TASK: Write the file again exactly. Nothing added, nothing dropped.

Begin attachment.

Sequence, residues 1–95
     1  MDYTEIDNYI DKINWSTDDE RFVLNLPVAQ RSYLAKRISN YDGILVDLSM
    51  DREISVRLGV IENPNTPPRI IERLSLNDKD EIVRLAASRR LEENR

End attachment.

Sequence, residues 1–95
     1  MDYTEIDNYI DKINWSTDDE RFVLNLPVAQ RSYLAKRISN YDGILVDLSM
    51  DREISVRLGV IENPNTPPRI IERLSLNDKD EIVRLAASRR LEENR